Dissertation
Dissertation > Medicine, health > Basic Medical > Medical science in general > Biomedical Engineering > General issues > Biomaterial

Electrospun Fibrous Mats with Plasmid Loadings as Potential Scaffolds for Vascular Tissue Engineering

Author HeShuHui
Tutor LiXiaoHong
School Southwest Jiaotong University
Course Biomedical Engineering
Keywords degradation behaviors emulsion electrospinning core-shell structure vascular tissue engineering gene delivery
CLC R318.08
Type Master's thesis
Year 2011
Downloads 47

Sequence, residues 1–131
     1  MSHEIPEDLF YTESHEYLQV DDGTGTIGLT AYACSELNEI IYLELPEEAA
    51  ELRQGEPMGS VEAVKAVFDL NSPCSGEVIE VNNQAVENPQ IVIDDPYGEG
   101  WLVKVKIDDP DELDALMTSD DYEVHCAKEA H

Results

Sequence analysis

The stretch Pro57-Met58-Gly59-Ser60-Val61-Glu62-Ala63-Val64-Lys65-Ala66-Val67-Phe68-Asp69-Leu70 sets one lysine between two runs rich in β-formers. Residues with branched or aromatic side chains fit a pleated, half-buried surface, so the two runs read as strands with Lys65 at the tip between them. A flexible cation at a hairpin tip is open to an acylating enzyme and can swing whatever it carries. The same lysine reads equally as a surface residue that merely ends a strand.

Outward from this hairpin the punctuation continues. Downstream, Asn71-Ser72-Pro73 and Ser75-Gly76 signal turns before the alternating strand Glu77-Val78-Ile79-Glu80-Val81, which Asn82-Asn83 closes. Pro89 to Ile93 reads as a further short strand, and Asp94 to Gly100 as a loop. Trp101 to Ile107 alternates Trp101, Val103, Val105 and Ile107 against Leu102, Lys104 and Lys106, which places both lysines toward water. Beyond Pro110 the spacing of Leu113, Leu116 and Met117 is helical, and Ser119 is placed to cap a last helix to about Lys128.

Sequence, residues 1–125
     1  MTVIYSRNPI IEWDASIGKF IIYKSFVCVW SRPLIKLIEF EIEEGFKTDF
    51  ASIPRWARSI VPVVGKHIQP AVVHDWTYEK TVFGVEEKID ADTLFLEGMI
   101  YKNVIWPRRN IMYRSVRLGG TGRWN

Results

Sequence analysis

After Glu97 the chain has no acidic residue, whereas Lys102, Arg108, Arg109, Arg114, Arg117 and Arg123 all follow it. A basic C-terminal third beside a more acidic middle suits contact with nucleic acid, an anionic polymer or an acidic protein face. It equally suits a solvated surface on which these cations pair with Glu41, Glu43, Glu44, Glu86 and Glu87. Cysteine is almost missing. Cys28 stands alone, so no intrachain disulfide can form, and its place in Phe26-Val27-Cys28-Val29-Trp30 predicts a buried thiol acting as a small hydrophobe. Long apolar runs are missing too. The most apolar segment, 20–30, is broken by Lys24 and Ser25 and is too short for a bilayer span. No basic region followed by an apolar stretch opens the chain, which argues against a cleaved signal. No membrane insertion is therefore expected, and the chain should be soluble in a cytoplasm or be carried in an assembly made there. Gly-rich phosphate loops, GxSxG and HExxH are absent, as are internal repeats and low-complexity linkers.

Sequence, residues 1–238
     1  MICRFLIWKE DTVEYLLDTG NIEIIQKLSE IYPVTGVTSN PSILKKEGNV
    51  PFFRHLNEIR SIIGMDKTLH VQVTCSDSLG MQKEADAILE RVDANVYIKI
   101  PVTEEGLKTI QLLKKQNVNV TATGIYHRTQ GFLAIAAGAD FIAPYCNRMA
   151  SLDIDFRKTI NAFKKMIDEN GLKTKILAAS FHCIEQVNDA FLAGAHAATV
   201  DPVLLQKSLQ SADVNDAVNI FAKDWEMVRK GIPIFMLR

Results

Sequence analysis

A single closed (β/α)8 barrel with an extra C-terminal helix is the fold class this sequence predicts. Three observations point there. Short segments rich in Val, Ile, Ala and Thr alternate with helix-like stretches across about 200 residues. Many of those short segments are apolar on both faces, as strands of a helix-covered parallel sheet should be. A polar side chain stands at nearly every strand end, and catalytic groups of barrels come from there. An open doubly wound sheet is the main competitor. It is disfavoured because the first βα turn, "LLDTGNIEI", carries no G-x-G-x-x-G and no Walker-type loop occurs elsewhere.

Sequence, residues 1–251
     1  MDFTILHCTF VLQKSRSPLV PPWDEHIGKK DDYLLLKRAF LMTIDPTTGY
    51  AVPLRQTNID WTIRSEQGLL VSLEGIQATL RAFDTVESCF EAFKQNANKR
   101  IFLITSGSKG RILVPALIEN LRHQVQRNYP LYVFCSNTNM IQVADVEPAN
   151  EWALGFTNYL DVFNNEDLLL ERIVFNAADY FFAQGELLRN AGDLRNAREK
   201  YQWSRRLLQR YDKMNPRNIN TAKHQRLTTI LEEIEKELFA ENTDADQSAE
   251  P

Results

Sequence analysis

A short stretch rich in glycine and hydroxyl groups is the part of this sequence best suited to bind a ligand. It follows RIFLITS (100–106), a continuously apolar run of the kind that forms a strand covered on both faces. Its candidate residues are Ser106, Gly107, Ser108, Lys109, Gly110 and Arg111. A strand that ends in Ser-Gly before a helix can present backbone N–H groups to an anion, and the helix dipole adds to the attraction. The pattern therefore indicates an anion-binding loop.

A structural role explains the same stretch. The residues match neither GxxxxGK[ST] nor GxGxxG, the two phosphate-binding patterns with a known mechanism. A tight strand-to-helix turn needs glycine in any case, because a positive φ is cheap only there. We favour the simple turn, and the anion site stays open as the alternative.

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Electrospinning has become the most popular technique in recent years by the use of static electricity to draw fibers from a polymer solution or melt. Electrospinning generates uniform and continuous fibers with diameters down to a nanoscale dimension, which closely mimic the size scale of fibrous proteins found in natural extracellular matrix (ECM), and have a very high fraction of surface available to interact with cells. Therefore, electrospun fibers have gained popularity with the tissue engineering community as potential scaffolds for regeneration of cartilage, bone, skin, and blood vessels.As for the tissue engineering scaffolds, the fiber degradation is essential to enhance the ingrowth of new tissue, while the degradation rates should be matched with the rate of neo-tissue formation so as to provide a smooth transition of the load from the scaffold to the tissue. Therefore, the biodegradability should be individually tailored to meet the requirements of specific application when considering using electrospun fibers in biomedical areas. The present study aims to comprehensively investigate the effects that cells and in vivo implantation have on the degradation behaviors, compared with commonly processed degradation in buffer solutions. During the investigational time period, there was no significant difference in the degradation behaviors after incubation fibrous mats into phosphate buffer saline, simulated body fluid and cell culture media. However, significantly higher mass loss of fibrous mats, lower molecular weight reduction and less significant increase in the molecular weight polydispersity were found after inoculation of cells into degradation environment. After cell seeding on the fibrous mats, the tight attachment of cells on fibers further enhanced the degradation process. Compared with in vitro cell-free degradation medium, the subcutaneous implantation of fibrous mats led to significantly higher degradation rate at the initial stage, but slower degradation at the later stage. It was indicated that the degradation behaviors after in vivo implantation was close to those after cell culture on fibrous mats, thus providing an effective in vitro tool to predict in vivo degradation profiles of electrospun fibers, and helping researchers match them with specific purposes.One of the most important issues for engineered tissues is the vascularization of the constructs, since a tissue that is more than a few millimeters in size generally cannot survive by only the diffusion of nutrients and metabolic products. Hence, acceleration of the angiogenesis rate is urgently required.Core-shell structured fibers encapsulated pDNA encoding vascular-endothelial growth factor (VEGF), basic fibroblast growth factor (bFGF) or both of them were prepared by emulsion electrospining. In vitro release study indicated that the core-shell structure inhibited the burst elease and prvide a sustained release of pDNA for around 1 month. Human umbilical vein endothelial cells (HUVEC) were seeded on pDNA-loaded firbousscaffolds, indicating the capabilities of promoting endothelial cell proliferation and ECM secretion by the autocrine of growth factors, compared with pDNA-infiltrared fibrous mats. An effective cell transfection and target protein expression proceeded for over 28 d. The pDNA-loaded fibrous scaffolds were subcutaneously implanted into rats to study their angiogenesis via macroscopic observation, hematoxylin-eosin staining and immunohistochemical staining. The results demonstrated that the incorporation of pDNA polyplexes could effectively enhance the angiogenesis of the implanted fibrous mats, demonstrating the potential application as scaffolds in vascular tissue engineering.

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